"I'm friends with Angelo Esposito (who earlier this summer signed with the Quebec Remparts), and I was invited to attend a summer tryout camp with the Remparts," Orsini continued. "I went to the camp, and the team was very interested in me, but then they traded me to Halifax. There would have been English schools there, but in the end, I had to make a quick decision, and I thought it was best to return to Tabor.

"As a young man, you always wonder what you might have done in a league like the 'Q,' but the environment at Tabor has been great for me, and I have no regrets at all."

With a student body of around 490, Tabor, located in Marion, Mass., has been an academic God-send of sorts for Orsini.

"Here, I've never had more than 15 kids in a class," said Orsini, "and it's usually more like six, so it's really helped me focus, and I've done better as a result."

Last year, Orsini improved his SAT score by well over 100 points.

Think Orsini's worked hard in the classroom? He's done every bit as much on the ice.

"Kief's a great skater with a tremendous skill set," said Tabor coach Gary Dineen, who played collegiately at Middlebury College and is now entering his seventh season as head coach of the Seawolves. "He's good with the puck, he's gritty, and plays with a lot of heart."

All to what Dineen spoke of is why a number of eastern schools had their eyes on Orsini for the fall of 2006. New Hampshire and Vermont had a good deal of interest, but Union made the strongest pitch, and it's the Dutchmen, in the end, who will have Orsini's services starting next fall.

"There were some tremendous schools out there," Orsini admitted, "but coach (Nate) Leaman has been great to me. I went on an unofficial visit there, and it seems like a great place. Union has a trimester system, which means I'd only be taking three classes a term. I like that. I need to weigh whatever other offers there are out there, but Union seemed very magnetic."

— P.S.

In Kief Orsini ('87/5-11, 170), Steve Silva ('87/5-8, 168) and Bobby Butler, the Beantown witnessed three players who put up, respectively, seven goals and 15 points, three goals and 12 points, and five goals and 11 points all in a five-game span.

Orsini's off to Union next fall (see our sidebar), while Silva will likely get plenty of D-I interest while skating for Green Bay (USHL) in 2005-06.

Fourth in scoring was 6-0, 205-pound Berkshire School forward Josh Rabbani, an '88 from California who himself chipped in with a 5-5—10 scoring line and was named the tournament's "Biggest Surprise" prospect.

While the scouts may have felt him a surprise, the performance came as no surprise at all to Berkshire School head coach Alex Moody.

"He's a very solid kid," said Moody, a former Division III goaltender for Colby College. "He has an NHL shot, soft hands, and is a terrific playmaker. And he loves to bang. In so many ways, he reminds me of (former Boston University Terrier) Mike Grier."

High praise indeed for a kid going only into his junior year of prep school.

Other top-end performers at the Beantown included '86 born defenseman Barry Goers from the Eastern Junior Hockey League's Green Mountain Glades of Burlington, Vermont. At 5-8 and 165 pounds, Goers was exceptionally smooth, and his late-August efforts in Boston paid dividends only a month later. The Philadelphia area native accepted a scholarship from UMass Lowell for the fall of 2006.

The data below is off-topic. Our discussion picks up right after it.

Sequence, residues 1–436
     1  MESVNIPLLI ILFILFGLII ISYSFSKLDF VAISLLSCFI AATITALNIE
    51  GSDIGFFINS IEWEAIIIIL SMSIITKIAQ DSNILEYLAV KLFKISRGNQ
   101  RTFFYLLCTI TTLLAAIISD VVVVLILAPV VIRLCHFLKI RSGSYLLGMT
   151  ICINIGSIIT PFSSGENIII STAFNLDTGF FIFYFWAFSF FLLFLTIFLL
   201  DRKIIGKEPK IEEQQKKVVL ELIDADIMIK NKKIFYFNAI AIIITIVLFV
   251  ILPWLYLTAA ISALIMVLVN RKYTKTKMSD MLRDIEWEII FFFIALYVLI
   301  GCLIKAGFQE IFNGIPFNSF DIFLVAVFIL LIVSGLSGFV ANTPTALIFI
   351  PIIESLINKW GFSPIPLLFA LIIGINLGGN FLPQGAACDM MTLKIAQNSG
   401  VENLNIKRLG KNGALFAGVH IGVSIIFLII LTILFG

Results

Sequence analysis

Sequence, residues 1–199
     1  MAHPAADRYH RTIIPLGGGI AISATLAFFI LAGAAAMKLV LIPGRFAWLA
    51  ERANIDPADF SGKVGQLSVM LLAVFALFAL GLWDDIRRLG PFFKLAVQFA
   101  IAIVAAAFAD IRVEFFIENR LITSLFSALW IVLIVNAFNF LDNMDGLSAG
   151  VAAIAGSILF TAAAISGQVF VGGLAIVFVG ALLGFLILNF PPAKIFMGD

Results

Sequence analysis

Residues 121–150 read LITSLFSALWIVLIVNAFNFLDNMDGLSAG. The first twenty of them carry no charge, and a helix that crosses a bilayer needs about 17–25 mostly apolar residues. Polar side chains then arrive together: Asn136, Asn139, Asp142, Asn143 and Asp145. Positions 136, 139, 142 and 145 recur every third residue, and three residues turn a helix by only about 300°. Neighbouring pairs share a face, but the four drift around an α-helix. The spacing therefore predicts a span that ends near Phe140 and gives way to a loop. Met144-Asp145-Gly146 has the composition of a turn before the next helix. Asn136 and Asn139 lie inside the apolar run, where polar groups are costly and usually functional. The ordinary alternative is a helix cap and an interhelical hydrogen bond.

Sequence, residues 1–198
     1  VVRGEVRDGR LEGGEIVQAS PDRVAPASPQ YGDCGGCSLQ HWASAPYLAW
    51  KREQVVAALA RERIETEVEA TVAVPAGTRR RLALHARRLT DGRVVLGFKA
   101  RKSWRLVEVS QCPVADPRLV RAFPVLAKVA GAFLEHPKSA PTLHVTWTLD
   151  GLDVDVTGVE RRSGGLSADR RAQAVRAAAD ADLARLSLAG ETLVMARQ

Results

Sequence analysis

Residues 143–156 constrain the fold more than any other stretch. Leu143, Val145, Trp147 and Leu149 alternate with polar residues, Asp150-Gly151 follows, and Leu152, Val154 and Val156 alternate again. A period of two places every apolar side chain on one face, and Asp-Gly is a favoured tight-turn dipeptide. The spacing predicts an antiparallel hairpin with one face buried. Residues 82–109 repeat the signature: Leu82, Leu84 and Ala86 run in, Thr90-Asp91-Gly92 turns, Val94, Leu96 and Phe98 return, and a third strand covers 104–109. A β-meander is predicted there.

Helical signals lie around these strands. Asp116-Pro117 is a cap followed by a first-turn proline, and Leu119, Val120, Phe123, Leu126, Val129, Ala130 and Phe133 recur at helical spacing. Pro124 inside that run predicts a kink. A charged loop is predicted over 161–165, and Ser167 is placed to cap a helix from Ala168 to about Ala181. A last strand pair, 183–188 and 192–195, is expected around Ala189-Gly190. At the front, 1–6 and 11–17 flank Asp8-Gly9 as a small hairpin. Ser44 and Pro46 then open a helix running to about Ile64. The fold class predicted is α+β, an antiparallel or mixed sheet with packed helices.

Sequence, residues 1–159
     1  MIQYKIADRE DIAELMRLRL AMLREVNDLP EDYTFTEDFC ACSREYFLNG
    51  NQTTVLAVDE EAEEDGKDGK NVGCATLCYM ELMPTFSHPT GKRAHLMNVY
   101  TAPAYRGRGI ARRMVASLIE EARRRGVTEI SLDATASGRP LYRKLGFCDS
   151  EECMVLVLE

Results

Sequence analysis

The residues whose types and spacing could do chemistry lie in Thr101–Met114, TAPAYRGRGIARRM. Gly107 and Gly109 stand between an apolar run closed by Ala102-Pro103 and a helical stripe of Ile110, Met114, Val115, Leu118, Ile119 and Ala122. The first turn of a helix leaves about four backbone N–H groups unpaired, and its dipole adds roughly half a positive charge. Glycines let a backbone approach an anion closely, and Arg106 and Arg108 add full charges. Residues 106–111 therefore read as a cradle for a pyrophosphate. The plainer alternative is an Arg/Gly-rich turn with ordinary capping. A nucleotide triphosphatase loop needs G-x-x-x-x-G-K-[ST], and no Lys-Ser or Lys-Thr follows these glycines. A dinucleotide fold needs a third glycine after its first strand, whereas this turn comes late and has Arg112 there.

The tournament's top netminder was Bow, N.H., native and Vermont recruit Mike Spillane, an '86 who went 3-0-1 for the tournament with a .906 save percentage. Between now and joining the Catamounts, the 6-0, 180-pound Spillane will further his skills with the USHL's Omaha Lancers.

The Home Of The Braves

Junior A clubs come and go, but for seniority's sake, few Canadian clubs have been around longer than the CJHL's Brockville (Ont.) Braves, who in a preseason event played at Mercyhurst in early September and posted an umblemished 4-0 record, knocking off clubs such as the EJHL's New Jersey Hitmen (Hitmen? Owned by Tony Soprano are they?) and the AAA Philadelphia Junior Flyers.

The Braves first came on the scene 42 years ago, and are currently coached by one-time St. Lawrence captain Mike McCourt, who skated for Joe Marsh and the Saints back in the early 1990s. McCourt knows how to get the best out of his players, and he has a bumper crop again this year, many of whom have done well in the season's early going. Here's a few:

F Jordan Cyr (5/86, 5-9, 175)
Comitted to RPI for the fall of 2006, Cyr joins the Braves for this season after scoring aplenty for Manitoba Junior Hockey League side Selkirk, which benefitted greatly from Cyr's 23-goal, 56-point effort in 2004-05. "He's a skilled guy who sees the ice well," said McCourt, "he really competes."

G Tyler Owens ('85/5-9, 160)
Last year Owens, a Michigan native, put up a 22-4-1 record and a .913 save percentage in Brockville. "He's very athletic, and very quick, and what you really like about him is his competitiveness," said McCourt. "He never ever gives up on the puck."

G Charles Long ('86/5-11, 170)
A CJHL rookie this year, Long, a Cleveland native, will challange Owens for ice time. "Handles his rebounds and is very efficient and tidy," said McCourt. "Charles is a very focused kid with excellent grades. Many Ivy League schools already have their eye on him."

LW Shawn Cox ('87/6-1, 195)
In his rookie CJHL season, the Ottawa-bred Cox impressed with 10 goals and 21 points in 49 games. "He's a strong power forward people should keep their eye on," said McCourt. "He does lots of little things well, and is great down low and along the wall."

Paul Shaheen is the publisher of Research on Ice and contributes recruiting updates to Inside College Hockey throughout the year. To subscribe to Research on Ice's free daily recruiting e-mail newsletter, contact Paul at